When Barack Obama went to Congress to pitch his health care law in 2009, he said the U.S. needed to expand access to insurance and control the cost of care. "We spend one and a half times more per person on health care than any other country, but we aren't any healthier for it,” he told lawmakers.
The law he signed five years ago succeeded in expanding access, with 16.4 million uninsured people gaining coverage. How's the president doing on cost control?
The Affordable Care Act let the administration create several experiments designed to transform how health care is paid for. The goal is to find alternatives to the fee-for- service system that pays doctors and hospitals more for doing more tests and treatments. That system has long been blamed for hundreds of billions of dollars of wasteful spending that doesn’t help patients and sometimes harms them.
In January, the Obama administration announced plans to accelerate a shift to new experimental payment models it has tested in the past few years. Medicare, the federal insurance for Americans 65 and over, already makes about 20 percent of its roughly $350 billion in annual payments through the new models, and the administration wants to raise that to 50 percent by the end of 2018.
There’s little evidence that those experiments meaningfully control costs.
"The savings they create are modest,” said Alan Weil, editor in chief of Health Affairs, a must-read policy journal for health wonks. Weil has said the reforms move in the right direction, but has criticized them for being “insufficiently disruptive.” While changing doctors’ and hospitals' incentives is important, Weil said, "I just think humility in what we can expect is needed."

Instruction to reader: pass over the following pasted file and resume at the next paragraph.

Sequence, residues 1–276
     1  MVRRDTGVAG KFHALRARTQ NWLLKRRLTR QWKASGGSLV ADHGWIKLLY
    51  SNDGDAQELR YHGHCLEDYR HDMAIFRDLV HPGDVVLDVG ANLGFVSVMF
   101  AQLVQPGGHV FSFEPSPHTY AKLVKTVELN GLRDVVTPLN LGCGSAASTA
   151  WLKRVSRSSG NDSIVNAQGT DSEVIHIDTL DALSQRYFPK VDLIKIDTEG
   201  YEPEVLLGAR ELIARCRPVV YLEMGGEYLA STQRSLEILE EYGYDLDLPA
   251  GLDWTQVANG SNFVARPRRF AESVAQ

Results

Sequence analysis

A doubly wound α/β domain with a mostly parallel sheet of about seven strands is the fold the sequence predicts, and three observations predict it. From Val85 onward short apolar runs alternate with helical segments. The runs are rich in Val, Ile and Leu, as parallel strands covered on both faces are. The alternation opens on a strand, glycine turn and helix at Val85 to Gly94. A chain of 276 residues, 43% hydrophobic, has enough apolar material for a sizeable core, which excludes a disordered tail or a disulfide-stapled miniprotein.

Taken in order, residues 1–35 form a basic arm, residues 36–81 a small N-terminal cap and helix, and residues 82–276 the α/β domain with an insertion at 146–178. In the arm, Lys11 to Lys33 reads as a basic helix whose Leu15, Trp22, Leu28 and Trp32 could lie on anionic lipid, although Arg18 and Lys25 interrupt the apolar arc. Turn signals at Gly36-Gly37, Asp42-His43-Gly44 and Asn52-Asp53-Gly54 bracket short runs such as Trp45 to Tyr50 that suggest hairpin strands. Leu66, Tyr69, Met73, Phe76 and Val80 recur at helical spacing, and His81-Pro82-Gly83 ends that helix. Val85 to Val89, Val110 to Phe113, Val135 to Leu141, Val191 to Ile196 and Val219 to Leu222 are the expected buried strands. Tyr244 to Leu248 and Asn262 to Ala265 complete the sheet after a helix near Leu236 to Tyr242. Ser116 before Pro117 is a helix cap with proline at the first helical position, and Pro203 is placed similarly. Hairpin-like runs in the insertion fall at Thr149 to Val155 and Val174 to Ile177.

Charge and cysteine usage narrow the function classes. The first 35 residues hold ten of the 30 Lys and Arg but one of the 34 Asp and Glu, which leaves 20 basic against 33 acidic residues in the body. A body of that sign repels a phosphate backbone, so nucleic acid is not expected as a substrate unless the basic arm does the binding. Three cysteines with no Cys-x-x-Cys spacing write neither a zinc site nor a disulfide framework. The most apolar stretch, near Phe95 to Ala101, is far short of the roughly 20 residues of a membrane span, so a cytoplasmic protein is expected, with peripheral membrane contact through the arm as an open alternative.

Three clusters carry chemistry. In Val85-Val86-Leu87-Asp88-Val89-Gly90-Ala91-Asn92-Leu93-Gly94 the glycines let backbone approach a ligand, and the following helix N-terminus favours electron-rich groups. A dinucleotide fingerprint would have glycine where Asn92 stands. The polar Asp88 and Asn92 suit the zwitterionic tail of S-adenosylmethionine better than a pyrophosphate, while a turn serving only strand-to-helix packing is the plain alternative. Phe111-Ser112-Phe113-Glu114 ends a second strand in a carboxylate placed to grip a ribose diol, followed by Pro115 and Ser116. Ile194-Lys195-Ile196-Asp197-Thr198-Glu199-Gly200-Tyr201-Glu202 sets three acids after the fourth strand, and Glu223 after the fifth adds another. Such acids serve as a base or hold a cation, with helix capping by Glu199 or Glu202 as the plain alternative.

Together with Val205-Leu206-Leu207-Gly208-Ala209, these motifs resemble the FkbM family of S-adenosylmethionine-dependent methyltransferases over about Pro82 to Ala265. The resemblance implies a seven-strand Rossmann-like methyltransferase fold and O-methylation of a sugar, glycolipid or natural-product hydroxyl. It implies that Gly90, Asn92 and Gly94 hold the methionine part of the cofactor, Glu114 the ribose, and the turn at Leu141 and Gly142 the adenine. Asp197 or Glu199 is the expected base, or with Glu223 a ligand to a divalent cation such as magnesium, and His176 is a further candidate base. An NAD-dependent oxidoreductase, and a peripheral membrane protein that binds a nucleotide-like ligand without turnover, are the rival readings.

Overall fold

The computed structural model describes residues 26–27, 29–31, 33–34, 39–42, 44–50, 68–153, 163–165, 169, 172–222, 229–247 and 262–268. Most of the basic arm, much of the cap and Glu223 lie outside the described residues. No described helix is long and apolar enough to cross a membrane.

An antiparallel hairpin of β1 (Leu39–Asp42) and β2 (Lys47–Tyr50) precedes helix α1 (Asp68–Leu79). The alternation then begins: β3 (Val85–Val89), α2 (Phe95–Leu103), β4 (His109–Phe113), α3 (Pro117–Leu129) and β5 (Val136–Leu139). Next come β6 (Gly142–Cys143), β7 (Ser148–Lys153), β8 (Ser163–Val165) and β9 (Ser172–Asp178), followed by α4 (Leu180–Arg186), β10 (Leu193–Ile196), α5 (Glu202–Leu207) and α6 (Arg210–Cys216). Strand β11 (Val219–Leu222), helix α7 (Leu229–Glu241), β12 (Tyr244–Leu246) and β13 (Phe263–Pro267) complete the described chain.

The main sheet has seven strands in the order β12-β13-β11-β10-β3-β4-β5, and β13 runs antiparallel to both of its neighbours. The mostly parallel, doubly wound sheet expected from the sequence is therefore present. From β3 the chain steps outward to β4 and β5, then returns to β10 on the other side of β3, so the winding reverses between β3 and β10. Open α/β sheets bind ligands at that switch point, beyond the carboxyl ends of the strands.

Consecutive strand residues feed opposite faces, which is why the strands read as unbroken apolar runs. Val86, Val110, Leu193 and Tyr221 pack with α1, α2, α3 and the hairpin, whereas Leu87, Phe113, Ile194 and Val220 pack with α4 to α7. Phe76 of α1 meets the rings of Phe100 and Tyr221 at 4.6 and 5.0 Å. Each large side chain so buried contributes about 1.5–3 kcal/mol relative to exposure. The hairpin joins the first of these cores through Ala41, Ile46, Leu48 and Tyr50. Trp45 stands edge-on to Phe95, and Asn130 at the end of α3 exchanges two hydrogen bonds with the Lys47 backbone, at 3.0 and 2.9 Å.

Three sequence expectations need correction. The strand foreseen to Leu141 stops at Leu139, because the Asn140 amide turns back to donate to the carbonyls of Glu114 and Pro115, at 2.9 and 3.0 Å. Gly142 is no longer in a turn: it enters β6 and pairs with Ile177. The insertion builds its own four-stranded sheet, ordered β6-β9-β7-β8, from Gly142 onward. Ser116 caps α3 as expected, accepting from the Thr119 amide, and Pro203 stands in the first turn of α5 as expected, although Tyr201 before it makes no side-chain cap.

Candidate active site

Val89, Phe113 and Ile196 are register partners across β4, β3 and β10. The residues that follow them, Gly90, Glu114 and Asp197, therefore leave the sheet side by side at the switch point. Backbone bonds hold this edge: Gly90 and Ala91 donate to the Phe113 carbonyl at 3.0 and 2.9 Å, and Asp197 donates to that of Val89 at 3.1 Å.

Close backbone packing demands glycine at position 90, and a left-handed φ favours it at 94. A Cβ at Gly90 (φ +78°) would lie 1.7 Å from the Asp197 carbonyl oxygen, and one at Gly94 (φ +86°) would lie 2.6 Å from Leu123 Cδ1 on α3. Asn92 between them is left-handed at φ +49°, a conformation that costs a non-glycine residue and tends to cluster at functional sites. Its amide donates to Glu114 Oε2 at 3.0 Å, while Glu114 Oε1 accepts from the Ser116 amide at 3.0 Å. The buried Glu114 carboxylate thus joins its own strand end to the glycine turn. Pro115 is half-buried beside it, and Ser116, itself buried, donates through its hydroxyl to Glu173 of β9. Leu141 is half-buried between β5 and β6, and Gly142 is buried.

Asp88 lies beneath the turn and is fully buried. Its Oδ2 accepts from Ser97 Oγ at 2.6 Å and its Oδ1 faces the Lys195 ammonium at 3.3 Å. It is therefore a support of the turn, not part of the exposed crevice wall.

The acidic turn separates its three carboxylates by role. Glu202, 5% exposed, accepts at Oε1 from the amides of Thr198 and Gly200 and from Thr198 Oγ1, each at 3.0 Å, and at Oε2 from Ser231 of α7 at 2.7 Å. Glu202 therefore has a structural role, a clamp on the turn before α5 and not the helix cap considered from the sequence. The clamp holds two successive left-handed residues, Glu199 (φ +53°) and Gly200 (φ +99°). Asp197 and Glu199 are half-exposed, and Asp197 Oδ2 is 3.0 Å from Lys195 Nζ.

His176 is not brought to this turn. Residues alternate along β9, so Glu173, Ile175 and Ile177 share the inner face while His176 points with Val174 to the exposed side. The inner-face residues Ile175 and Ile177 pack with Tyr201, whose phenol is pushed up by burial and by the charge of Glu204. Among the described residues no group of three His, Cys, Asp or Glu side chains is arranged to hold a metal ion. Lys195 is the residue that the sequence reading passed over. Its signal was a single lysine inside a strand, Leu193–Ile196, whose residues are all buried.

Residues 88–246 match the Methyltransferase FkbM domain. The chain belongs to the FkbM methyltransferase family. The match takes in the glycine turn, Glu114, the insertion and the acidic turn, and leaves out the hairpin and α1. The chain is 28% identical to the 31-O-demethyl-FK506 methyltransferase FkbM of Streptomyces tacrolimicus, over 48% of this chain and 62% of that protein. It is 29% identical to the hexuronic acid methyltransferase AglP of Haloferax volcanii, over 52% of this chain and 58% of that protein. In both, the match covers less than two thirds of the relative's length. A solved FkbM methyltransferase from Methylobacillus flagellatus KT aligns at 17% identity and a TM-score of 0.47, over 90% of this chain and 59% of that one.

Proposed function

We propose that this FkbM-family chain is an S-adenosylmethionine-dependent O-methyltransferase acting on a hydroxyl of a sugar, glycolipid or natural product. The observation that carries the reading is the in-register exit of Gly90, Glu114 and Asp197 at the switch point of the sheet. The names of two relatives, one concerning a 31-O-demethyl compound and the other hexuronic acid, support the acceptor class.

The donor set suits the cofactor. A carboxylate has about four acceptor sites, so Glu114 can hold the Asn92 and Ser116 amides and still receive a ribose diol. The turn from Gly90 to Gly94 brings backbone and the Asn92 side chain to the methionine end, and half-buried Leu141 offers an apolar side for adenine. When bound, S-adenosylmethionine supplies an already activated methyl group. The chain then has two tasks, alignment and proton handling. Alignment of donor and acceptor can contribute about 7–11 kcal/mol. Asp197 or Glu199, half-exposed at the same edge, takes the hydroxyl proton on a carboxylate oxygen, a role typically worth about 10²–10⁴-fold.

Medicare declined to make officials available for an interview and didn't respond to written questions.
The Obama administration has placed its bets on two approaches. The first is a model called accountable care organizations (ACOs), arrangements that encourage doctors and hospitals to collaborate to reduce costs while improving the overall health of their patients. Providers can get a share of the money they save.
The second approach is called bundled payments, which attempt to limit the total price Medicare will pay for an “episode of care” such as a hip replacement. Bundled payments encourage doctors to avoid complications from surgery that can extend hospital stays, for example, because they won’t get paid more for extra treatment.
The early evidence from those programs is thin. Since 2012, health care providers have formed 220 ACOs that attempt to save money for Medicare. Fifty-eight of those have demonstrated savings, according to the latest federal data. The total savings of $695 million works out to less than $200 saved for each person on Medicare covered by an ACO since 2012.